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Multilingual Domain Name Redux

It has been roughly a year since RealNames imploded, bringing down with it a service that had supported the resolution of multilingual domain names. The implosion was a big blow to Verisign because it was making money off the registration of multilingual domain names, also known as internationalized domain names (IDNs). After all, companies don’t need to register multilingual domain names if there is no hope of customers actually using them.

Here’s what a multilingual domain name looks like:


About a week ago, Verisign launched the i-Nav plug-in. This piece of software works with your Internet browser to support the input and resolution of multilingual domain names. Other companies have offered similar plug-ins for years, but Verisign, by its sheer market dominance, is the one company that stands a shot at making it succeed. You can download it here.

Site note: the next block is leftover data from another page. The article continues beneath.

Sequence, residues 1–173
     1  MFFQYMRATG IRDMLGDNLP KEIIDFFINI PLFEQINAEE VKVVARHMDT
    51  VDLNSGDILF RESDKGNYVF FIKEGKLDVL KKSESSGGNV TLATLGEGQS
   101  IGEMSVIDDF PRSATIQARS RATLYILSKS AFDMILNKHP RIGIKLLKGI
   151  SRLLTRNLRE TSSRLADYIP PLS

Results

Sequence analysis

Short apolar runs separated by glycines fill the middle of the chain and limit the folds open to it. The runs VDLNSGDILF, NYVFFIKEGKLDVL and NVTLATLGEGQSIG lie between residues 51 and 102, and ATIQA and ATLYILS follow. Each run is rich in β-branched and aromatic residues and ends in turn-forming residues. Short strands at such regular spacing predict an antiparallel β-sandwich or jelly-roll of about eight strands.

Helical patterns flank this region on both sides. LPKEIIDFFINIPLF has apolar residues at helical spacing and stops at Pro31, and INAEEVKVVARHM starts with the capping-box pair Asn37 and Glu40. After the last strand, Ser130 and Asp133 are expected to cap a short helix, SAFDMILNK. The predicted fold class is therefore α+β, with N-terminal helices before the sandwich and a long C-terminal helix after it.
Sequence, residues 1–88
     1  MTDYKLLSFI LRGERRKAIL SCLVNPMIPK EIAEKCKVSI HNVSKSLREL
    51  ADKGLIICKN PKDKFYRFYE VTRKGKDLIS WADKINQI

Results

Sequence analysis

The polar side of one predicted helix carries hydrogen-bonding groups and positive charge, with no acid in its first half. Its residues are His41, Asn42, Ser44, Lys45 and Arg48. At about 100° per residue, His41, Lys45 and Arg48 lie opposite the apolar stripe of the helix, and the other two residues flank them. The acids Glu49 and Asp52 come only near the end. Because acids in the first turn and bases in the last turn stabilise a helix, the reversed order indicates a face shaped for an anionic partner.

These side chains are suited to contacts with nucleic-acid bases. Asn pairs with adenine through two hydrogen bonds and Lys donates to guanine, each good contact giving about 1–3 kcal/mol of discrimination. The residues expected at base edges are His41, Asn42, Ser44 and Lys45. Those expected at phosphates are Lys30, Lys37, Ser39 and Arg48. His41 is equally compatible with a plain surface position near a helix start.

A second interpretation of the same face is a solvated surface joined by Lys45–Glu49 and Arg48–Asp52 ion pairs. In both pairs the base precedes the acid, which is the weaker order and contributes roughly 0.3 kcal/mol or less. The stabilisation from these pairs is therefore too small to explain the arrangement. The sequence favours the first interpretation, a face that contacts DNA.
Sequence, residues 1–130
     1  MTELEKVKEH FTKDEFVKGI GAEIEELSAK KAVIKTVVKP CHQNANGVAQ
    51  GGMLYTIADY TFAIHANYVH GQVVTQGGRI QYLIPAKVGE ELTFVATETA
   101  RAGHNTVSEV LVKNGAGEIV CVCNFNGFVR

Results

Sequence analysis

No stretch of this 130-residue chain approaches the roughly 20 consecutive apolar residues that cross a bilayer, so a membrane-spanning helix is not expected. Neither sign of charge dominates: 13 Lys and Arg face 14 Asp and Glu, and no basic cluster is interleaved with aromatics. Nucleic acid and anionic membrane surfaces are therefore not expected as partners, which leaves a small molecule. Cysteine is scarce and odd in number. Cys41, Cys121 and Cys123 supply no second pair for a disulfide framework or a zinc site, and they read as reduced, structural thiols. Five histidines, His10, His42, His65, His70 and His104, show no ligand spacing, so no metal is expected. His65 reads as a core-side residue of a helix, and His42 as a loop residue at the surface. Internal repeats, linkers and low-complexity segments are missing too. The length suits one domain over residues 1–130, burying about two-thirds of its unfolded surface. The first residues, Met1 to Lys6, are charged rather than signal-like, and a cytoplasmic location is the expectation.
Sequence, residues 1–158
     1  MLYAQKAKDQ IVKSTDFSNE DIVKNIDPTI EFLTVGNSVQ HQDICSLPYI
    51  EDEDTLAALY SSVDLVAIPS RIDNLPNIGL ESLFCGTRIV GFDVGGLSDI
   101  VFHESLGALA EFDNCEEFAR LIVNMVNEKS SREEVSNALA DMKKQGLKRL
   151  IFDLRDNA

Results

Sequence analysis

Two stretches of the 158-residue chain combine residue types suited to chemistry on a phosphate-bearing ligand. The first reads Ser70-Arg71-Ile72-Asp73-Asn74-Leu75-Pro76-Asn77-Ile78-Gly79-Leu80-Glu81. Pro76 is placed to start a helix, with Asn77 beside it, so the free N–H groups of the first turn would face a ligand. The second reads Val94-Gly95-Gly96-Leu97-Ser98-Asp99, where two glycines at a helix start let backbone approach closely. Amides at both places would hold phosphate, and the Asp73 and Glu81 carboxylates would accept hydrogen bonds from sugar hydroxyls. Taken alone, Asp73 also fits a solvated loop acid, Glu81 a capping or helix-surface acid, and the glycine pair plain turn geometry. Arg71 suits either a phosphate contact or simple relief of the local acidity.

I’ve been writing about multilingual domain names for years. You can read one past article here. I’m glad to see Verisign offering the plug-in, but I’m still looking forward to the day when this functionality comes built in to every Web browser.

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John Yunker
John is co-founder of Byte Level Research and author of . He has published 14 annual editions of The Web Globalization Report Card and is also co-founder of Ashland Creek Press.
John Yunker
John Yunker

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